• strict warning: Non-static method view::load() should not be called statically in /home2/harrissi/public_html/home/sites/all/modules/views/views.module on line 906.
  • strict warning: Declaration of views_handler_argument::init() should be compatible with views_handler::init(&$view, $options) in /home2/harrissi/public_html/home/sites/all/modules/views/handlers/views_handler_argument.inc on line 744.
  • strict warning: Declaration of views_handler_filter::options_validate() should be compatible with views_handler::options_validate($form, &$form_state) in /home2/harrissi/public_html/home/sites/all/modules/views/handlers/views_handler_filter.inc on line 607.
  • strict warning: Declaration of views_handler_filter::options_submit() should be compatible with views_handler::options_submit($form, &$form_state) in /home2/harrissi/public_html/home/sites/all/modules/views/handlers/views_handler_filter.inc on line 607.
  • strict warning: Declaration of views_handler_filter_boolean_operator::value_validate() should be compatible with views_handler_filter::value_validate($form, &$form_state) in /home2/harrissi/public_html/home/sites/all/modules/views/handlers/views_handler_filter_boolean_operator.inc on line 159.

Feedback from Subordinates: Disagreement vs Insubordination

Some managers are reluctant to take input from subordinates on the grounds that the sole job of subordinates is to get on board with the manager’s plans and way of doing things.  Having a different perspective or different ideas is, on this view, a form of insubordination.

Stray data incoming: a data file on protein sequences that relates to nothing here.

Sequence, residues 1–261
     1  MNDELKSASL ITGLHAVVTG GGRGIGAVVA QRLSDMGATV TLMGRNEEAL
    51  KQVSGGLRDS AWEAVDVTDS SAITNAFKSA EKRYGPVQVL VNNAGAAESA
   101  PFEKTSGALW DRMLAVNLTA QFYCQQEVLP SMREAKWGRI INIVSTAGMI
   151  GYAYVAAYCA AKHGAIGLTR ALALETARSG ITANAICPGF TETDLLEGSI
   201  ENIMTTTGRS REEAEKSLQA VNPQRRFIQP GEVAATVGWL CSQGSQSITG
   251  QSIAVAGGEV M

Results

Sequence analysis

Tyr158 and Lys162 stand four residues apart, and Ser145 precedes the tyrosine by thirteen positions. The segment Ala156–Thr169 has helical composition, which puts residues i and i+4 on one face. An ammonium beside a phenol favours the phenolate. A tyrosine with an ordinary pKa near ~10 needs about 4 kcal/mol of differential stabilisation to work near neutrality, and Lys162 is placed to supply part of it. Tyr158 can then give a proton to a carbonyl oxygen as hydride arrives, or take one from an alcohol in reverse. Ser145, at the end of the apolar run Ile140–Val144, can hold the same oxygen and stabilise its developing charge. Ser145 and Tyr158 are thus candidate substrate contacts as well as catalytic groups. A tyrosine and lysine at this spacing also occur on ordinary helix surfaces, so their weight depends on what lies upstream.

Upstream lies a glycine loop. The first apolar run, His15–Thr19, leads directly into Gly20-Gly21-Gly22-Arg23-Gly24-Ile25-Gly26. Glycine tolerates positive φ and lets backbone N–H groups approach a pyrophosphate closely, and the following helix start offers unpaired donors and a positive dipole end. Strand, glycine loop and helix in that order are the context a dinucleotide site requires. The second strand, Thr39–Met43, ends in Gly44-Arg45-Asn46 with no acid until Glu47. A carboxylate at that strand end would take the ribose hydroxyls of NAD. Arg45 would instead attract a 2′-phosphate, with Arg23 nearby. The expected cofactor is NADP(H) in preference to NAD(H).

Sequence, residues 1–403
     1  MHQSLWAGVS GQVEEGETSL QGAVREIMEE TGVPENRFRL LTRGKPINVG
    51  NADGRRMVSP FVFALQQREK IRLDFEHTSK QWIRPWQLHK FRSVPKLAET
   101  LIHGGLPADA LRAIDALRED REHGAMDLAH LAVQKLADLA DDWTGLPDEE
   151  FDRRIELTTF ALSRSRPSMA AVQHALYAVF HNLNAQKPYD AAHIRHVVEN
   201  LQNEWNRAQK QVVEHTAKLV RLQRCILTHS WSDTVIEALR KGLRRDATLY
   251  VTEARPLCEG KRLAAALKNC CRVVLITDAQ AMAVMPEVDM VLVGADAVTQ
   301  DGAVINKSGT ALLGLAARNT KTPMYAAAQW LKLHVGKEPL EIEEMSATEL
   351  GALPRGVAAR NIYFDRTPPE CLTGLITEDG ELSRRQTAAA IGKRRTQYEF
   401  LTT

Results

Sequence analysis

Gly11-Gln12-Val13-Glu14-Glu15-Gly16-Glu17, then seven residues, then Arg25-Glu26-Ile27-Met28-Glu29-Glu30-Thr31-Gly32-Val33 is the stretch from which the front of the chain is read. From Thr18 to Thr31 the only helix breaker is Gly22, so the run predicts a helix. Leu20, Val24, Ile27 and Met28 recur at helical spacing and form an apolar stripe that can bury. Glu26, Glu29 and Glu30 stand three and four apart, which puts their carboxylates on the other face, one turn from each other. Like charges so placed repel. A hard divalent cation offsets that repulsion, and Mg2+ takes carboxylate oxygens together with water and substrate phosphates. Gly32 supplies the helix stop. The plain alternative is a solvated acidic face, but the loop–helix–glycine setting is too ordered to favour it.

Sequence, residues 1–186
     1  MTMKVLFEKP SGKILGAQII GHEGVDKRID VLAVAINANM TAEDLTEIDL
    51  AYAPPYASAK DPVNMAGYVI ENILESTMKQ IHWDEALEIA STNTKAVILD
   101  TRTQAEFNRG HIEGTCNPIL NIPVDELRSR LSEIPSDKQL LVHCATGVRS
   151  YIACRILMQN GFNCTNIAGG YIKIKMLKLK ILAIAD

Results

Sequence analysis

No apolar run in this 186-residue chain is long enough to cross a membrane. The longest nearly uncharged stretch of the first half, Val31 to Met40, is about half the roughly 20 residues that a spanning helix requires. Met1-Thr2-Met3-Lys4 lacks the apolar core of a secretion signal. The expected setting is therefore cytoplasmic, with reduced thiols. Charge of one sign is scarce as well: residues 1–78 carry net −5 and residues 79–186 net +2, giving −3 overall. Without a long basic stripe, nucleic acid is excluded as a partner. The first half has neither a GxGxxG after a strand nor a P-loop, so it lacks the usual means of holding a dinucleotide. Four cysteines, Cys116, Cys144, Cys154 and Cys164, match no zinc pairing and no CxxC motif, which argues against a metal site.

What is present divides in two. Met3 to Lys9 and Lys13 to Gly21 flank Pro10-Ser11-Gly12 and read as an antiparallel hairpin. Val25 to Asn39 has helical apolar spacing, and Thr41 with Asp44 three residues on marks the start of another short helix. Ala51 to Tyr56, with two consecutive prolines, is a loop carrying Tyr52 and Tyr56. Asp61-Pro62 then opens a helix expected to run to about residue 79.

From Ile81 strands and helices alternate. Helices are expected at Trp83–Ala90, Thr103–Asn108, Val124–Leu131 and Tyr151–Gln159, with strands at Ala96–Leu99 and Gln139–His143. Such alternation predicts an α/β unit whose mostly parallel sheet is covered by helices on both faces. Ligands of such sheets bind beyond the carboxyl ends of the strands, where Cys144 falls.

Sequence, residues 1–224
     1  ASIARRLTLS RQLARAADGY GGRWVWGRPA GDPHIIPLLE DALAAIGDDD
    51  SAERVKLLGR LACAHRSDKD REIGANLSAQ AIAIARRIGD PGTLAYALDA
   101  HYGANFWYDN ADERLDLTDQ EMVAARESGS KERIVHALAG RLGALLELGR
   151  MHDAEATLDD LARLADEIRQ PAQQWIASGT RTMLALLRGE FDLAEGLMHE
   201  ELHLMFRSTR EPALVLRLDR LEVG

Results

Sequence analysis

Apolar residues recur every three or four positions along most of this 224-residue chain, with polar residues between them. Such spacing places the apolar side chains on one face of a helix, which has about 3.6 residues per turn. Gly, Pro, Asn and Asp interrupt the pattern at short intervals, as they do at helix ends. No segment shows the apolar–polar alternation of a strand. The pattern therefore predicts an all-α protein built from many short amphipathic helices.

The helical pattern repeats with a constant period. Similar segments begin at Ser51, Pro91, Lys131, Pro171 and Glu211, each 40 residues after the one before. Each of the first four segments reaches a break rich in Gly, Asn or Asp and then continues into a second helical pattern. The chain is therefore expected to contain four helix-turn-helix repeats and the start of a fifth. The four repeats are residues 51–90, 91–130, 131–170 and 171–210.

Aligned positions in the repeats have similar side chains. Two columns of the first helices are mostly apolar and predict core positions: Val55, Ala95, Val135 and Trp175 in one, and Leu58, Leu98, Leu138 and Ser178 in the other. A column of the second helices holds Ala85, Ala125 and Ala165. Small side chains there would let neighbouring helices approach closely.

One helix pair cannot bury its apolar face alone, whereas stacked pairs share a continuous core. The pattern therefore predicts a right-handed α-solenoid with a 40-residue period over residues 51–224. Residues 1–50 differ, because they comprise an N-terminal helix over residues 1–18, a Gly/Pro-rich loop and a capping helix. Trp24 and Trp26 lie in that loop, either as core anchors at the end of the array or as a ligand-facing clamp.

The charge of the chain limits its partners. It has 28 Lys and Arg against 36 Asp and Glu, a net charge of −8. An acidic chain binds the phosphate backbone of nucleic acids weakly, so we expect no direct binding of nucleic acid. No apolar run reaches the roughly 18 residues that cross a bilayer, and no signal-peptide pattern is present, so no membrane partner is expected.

A distinction needs to be made, however, between disagreement and insubordination.  To disagree on a business question isn’t necessarily to challenge a manager’s authority; people aren’t insubordinate just because they have a different point of view or an independent thought.  A well-intentioned disagreement should be regarded as a help, not a hindrance.  Multiple perspectives on a problem or situation are often useful in finding solutions.  Thoughtful subordinates can also provide a counterweight to a  manager’s weak areas and blind spots.  (It’s also true that people sometimes have ulterior motives for disagreeing, but that’s a separate matter.)

The idea that disagreement is a form of insubordination is usually based on an excessively hierarchical or authoritarian attitude, a feeling of insecurity, or both.  Sometimes managers feel threatened by subordinates who think for themselves and have their own point of view; this can lead them to see insubordination where none exists.  (Some managers actually go out of their way to avoid hiring intelligent and capable people because of this sense of threat, filling their organizations with low-quality yes-men.  This of course is a recipe for mediocrity.)

Not listening to the legitimate ideas of subordinates tells them that their sense of commitment to the job is pointless, and that they themselves are not of value as people or as employees, but are merely tools.  It is highly demotivating, and it will create retention problems. 

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